Monday, May 4, 2020

Whence Cometh Antwerp?

Or, more specifically, where does the name of the city and its coat of arms come from?

Well ... Druon Antigoon was a mythical giant who lived in Antwerp. Guarding a bridge on the river Scheldt, he exacted a toll from those crossing the river. For those who refused, he severed one of their hands and threw it into the river. Eventually, Antigoon was slain by a young Roman soldier named Brabo, who cut off the giant's own hand and flung it into the river.

According to folklore, and as celebrated by the statue in front of the town hall (below), this legend is the origin of the name Antwerp: Antwerpen, from Dutch hand werpen – akin to Old English hand and wearpan (= to throw), that has changed to today's warp.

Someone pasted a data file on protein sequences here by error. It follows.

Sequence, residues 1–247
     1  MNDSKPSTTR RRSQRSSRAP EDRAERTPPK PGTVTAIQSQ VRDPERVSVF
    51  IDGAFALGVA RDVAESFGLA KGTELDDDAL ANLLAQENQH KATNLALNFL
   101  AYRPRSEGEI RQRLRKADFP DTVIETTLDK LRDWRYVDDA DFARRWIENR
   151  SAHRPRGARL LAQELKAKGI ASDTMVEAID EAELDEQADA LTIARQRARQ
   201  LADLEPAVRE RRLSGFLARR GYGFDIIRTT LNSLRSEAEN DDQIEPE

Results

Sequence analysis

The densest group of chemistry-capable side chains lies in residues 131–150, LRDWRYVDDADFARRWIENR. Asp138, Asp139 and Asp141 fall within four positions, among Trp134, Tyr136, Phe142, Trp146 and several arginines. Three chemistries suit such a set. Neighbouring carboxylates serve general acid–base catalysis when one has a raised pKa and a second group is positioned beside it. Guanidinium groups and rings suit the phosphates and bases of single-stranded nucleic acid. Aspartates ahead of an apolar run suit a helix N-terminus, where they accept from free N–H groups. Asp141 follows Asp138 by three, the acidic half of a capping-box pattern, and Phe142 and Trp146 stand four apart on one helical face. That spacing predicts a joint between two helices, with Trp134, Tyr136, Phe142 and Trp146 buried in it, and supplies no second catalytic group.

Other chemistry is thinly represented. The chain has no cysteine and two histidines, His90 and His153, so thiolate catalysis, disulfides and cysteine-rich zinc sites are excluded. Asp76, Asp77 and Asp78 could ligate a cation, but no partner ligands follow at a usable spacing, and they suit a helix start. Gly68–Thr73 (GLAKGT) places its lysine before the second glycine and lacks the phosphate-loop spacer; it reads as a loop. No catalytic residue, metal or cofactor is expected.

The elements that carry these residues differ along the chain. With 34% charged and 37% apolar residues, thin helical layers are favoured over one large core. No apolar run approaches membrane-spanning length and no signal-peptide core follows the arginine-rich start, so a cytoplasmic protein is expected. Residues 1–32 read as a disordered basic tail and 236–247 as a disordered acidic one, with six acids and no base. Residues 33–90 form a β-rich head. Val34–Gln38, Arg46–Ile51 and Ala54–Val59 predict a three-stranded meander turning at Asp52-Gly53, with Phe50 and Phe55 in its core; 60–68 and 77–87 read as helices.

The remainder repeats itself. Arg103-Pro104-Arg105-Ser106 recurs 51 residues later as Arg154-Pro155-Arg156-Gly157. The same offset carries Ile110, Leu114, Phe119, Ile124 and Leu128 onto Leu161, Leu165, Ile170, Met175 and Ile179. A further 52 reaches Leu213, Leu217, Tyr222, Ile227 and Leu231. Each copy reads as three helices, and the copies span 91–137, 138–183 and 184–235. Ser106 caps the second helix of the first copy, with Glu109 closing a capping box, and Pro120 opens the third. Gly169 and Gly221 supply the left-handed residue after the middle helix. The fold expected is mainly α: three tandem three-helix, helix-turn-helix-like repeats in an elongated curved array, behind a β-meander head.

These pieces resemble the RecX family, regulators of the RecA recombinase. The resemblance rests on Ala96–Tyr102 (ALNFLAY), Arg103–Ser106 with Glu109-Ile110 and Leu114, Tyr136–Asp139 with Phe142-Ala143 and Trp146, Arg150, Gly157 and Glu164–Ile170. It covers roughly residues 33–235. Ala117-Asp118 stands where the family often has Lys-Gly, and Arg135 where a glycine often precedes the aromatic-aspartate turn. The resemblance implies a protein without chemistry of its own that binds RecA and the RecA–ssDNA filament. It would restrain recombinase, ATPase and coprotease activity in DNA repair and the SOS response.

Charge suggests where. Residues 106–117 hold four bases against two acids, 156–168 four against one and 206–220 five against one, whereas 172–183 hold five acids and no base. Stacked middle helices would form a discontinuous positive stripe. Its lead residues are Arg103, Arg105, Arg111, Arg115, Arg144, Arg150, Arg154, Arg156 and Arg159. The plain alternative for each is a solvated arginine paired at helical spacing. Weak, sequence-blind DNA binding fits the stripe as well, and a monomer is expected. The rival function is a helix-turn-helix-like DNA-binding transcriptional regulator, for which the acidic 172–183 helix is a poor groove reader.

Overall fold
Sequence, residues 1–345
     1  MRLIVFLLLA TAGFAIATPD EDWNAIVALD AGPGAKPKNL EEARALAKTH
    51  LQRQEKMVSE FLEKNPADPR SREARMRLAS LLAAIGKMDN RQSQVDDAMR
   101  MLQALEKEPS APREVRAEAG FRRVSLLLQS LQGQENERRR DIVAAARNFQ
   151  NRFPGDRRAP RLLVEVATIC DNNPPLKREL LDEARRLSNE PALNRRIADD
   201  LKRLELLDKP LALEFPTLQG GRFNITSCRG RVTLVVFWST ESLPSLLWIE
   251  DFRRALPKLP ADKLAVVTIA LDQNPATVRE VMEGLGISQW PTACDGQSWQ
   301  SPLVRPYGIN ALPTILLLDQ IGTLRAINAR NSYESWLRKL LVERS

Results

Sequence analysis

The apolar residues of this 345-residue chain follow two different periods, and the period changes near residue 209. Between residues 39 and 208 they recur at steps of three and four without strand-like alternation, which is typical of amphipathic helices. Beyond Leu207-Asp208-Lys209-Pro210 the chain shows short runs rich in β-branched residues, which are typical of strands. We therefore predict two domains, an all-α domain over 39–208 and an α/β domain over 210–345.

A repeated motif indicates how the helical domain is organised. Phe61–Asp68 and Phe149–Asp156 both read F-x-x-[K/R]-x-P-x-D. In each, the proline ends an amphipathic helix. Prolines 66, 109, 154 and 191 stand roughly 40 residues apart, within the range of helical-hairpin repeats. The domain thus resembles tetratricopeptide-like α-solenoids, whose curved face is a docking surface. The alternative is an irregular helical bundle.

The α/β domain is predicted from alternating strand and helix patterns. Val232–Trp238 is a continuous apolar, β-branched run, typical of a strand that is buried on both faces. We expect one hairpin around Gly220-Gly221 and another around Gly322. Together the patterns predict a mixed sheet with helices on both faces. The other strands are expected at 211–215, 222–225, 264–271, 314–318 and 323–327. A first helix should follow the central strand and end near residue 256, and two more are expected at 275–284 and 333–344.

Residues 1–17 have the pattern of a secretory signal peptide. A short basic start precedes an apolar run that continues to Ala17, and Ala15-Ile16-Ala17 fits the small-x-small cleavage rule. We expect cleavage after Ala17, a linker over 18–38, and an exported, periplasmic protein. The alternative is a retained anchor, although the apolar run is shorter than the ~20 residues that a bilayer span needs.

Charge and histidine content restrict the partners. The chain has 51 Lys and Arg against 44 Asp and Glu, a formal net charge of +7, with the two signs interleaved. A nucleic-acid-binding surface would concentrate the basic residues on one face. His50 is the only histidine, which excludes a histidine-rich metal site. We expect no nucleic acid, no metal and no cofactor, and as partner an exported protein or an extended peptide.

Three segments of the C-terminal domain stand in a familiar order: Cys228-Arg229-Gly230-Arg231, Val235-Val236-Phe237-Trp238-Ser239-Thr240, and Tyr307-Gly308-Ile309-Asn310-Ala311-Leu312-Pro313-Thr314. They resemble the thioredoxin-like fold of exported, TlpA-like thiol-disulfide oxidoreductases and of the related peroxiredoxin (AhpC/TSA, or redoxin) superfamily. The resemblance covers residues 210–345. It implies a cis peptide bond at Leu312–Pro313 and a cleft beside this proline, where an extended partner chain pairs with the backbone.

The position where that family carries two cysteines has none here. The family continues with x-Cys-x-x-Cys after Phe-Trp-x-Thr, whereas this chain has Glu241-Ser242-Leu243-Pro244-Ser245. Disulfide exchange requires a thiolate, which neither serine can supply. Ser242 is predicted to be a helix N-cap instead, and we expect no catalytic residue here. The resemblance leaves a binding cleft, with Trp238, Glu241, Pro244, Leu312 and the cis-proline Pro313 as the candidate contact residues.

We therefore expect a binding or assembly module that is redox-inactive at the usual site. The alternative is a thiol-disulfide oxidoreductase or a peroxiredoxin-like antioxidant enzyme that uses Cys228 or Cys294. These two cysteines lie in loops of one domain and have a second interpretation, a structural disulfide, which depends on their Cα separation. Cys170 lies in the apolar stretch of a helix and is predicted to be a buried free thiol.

If you look closely, you will see immediately below Brabo's foot, the wall of the city of Antwerp, each tower surmounted by a hand. It is this motif - the walled city and two severed hands in chief - that are the city's coat of arms.

This coat of arms, blazoned (roughly) Gules a four-walled castle of three towers and in chief two hands couped, the dexter bendwise, the sinister bendwise sinister, argent, may be seen all about the city. Here are only a couple of examples. We'll do some more next time.

(Normally, the crown ensigns the shield; in the example immediately above, it has been placed on the shield.)

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